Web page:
The HIV epidemic in Russia, which began in the late 1990’s, has been largely concentrated among people who inject drugs
[1–3]. Through 2009, 567,558 cases of HIV have been identified, with more than 10% added in 2009 alone
. Estimates suggest that more than 1.2 million Russians are infected with HIV, with 82% reporting injection drug use (IDU)
St. Petersburg, the second largest city in Russia with a population of 5 million registered inhabitants, experienced an expanding heroin market in the late 1990’s and a subsequent epidemic of HIV. Presently, among the city’s estimated 83,000 IDUs
, about 82% of IDUs inject heroin as their primary drug, and about 18% inject ephedrine-based stimulants
. As of 2009, more than 38,000 individuals had been diagnosed with HIV with 76.4% of cases attributed to injection drug use
. HIV prevalence among St. Petersburg IDUs is alarmingly high, increasing from <5% prior to 2000 to 30% in 2003 and to 44% in 2007
[9–11]. In longitudinal cohorts of IDUs, HIV incidence was 4.5 per 100 person-years in 2003 and 7.2 per 100 person-years in 2009
HIV transmission among IDUs results primarily from unsafe injection practices such as the sharing of used syringes due to the lack of access to sufficient supply of sterile syringes
[14, 15]. This is often considered a structural issue related to law and public policies. This has been especially true in the U.S., where laws have restricted access
[16–18]. Outside of the U.S. where access is not legally restricted, the extent to which local pharmacies are willing to sell syringes to IDUs is an important factor shaping epidemic control efforts. In Edinburgh, Scotland, for example, an outbreak of HIV among IDUs in the mid-1980’s has been attributed to a decision reached by pharmacists and the police to halt sales of syringes to customers who appeared to be IDUs by subjective judgment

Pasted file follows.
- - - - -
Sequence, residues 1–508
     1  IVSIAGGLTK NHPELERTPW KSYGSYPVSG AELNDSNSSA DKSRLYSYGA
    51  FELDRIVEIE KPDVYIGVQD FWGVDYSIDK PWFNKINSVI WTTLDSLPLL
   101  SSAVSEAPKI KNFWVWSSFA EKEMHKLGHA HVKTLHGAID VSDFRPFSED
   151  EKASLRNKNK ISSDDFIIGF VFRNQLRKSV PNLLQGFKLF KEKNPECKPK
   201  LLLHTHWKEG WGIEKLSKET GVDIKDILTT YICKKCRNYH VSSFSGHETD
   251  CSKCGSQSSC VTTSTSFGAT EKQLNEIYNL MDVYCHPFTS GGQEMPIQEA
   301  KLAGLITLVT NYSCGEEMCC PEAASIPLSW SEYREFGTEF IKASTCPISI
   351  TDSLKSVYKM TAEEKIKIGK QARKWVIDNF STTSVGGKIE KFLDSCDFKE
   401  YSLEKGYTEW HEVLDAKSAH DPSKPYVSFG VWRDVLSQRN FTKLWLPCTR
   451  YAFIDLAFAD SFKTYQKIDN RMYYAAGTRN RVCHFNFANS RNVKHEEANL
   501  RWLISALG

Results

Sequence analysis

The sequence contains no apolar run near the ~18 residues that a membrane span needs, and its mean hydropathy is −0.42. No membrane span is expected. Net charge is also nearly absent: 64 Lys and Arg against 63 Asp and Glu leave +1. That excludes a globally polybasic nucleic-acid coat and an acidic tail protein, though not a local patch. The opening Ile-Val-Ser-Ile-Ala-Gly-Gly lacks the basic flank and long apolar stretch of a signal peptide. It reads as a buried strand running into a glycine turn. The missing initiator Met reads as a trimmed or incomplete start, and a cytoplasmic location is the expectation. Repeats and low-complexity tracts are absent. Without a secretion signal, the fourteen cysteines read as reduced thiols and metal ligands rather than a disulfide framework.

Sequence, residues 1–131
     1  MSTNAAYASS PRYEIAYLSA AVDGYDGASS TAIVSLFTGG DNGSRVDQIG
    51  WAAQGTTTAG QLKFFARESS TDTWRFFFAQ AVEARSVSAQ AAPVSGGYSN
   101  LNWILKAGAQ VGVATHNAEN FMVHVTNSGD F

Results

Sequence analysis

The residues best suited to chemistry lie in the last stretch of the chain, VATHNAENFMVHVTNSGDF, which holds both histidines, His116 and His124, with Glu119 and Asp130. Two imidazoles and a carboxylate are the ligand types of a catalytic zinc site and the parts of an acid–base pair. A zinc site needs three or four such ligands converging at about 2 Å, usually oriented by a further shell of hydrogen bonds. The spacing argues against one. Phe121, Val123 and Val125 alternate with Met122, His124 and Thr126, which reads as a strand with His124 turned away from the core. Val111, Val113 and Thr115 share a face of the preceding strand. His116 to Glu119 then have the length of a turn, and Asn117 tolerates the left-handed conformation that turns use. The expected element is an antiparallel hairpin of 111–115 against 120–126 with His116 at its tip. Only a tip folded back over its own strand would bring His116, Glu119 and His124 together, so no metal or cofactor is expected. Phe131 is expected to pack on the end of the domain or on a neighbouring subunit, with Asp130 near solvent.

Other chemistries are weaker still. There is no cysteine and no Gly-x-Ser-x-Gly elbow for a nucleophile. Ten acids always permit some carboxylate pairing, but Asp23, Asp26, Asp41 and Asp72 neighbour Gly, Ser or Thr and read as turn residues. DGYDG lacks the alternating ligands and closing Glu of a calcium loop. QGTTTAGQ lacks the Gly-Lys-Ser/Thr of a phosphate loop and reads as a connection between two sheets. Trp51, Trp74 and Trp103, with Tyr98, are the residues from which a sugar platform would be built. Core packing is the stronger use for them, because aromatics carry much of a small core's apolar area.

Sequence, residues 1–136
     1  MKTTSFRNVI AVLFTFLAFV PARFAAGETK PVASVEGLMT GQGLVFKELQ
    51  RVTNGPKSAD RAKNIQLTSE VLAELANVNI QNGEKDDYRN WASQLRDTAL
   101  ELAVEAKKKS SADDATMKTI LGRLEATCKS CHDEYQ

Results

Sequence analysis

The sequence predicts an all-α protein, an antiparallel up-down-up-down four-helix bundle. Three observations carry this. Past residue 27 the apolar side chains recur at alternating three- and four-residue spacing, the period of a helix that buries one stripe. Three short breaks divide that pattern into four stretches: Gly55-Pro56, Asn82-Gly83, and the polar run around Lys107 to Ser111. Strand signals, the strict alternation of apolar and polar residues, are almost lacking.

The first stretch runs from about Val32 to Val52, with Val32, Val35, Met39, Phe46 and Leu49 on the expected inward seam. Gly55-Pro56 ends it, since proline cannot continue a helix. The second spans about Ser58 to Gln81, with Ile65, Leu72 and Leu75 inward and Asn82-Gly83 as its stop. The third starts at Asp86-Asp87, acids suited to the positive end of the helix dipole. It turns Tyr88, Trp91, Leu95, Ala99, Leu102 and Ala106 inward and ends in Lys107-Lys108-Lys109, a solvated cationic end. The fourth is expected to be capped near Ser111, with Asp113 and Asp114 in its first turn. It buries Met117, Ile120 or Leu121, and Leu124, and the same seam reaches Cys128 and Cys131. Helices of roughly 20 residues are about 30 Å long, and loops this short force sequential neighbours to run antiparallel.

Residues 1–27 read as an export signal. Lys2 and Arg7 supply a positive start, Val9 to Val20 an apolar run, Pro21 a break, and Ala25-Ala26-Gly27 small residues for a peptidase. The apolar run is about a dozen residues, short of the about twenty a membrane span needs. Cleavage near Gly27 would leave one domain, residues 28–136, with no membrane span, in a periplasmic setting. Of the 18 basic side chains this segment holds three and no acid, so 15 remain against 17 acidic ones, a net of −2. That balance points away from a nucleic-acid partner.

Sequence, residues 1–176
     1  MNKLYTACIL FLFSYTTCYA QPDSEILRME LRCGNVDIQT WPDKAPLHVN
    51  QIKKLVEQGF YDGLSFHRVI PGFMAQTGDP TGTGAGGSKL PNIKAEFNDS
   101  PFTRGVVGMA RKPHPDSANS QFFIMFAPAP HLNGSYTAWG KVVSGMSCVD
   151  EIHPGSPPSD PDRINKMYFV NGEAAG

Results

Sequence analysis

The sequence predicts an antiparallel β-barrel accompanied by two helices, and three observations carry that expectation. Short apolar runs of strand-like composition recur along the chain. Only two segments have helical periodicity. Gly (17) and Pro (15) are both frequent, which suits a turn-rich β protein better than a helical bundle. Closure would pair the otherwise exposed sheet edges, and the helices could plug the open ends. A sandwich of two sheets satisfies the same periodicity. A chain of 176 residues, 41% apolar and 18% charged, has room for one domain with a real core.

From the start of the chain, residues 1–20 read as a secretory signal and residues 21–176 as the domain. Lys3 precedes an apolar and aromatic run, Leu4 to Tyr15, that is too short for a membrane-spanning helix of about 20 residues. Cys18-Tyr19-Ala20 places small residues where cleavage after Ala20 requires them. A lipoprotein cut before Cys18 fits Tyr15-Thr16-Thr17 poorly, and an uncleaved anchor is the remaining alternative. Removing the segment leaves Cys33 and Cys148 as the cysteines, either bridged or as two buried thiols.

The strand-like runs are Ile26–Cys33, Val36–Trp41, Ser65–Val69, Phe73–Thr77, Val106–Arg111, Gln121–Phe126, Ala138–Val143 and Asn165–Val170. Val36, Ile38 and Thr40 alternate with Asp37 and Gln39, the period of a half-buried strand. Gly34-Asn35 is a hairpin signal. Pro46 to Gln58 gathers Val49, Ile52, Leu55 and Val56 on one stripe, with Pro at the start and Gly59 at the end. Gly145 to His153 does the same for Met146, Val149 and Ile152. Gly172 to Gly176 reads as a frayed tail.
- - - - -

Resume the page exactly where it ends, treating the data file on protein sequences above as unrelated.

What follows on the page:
. Studies on expanding access have been conducted in several locations, most notably in the U.S.
[20, 21], in the wake of changing laws that allowed purchase and possession of syringes without prescription
[22, 23]. Large-scale expansion of targeted sales of syringes to IDUs from pharmacies has been shown to contribute to maintaining low prevalence of HIV-1 among Australian and British IDUs and lowering HIV incidence in New York City
[24–26]. However, most studies on syringe access, even those undertaken most recently
[27, 28], have focused on locations in which syringe sales had been legally restricted in some way. The situation is very different in St. Petersburg, Russia.
According to Russian federal laws and regulations, syringes can be sold in all pharmacies without legal limitations. However, there are often gaps between the formal laws and their street-level implementation
[16, 29, 30]. Syringes and condoms are not included in the required pharmacy formulary as stated in the governing decree, “On minimal assortment of medicinal agents” and approved by the Ministry of Healthcare and Social Development
. Accordingly, availability of syringes in a pharmacy is not regulated by any legal act but varies with commercial polices of the specific pharmacies. Thus, declining to sell syringes is not a violation. It is important to note that since there are very few syringe exchange programs in St. Petersburg, pharmacies are the primary source of syringes for IDUs
The “International Feasibility Study of Pharmacy-Based HIV Prevention” is a multi-site, cross-sectional, multi-phase, multi-methods research project – three sites are located in the U. S. and the other three – in China, Russia and Vietnam. The aim of the collaborative project is to evaluate the feasibility of implementing pharmacy-based interventions to reduce HIV transmission among IDUs. In this manuscript, we examine syringe access at the pharmacies of St. Petersburg including stocking and sales practices as one of the multi-site study objectives. Specifically, we explored the role of syringe access ecologically and, focusing on two of the city’s 18 districts, examined how pharmacies’ business models and their stocking and sales practices may influence access. First, we tested the hypothesis that since syringe access was not legally restricted, those districts with a higher pharmacy density would have lower rates of HIV infection. Second, we sought to understand differences between policy and practice by attempting to purchase syringes at each pharmacy in the two districts.